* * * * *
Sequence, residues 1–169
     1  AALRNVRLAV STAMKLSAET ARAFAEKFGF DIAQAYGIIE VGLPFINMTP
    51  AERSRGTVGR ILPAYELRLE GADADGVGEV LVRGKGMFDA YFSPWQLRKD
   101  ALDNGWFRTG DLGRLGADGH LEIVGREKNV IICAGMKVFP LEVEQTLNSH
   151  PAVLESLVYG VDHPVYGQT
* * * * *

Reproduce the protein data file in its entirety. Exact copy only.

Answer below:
Sequence, residues 1–169
     1  AALRNVRLAV STAMKLSAET ARAFAEKFGF DIAQAYGIIE VGLPFINMTP
    51  AERSRGTVGR ILPAYELRLE GADADGVGEV LVRGKGMFDA YFSPWQLRKD
   101  ALDNGWFRTG DLGRLGADGH LEIVGREKNV IICAGMKVFP LEVEQTLNSH
   151  PAVLESLVYG VDHPVYGQT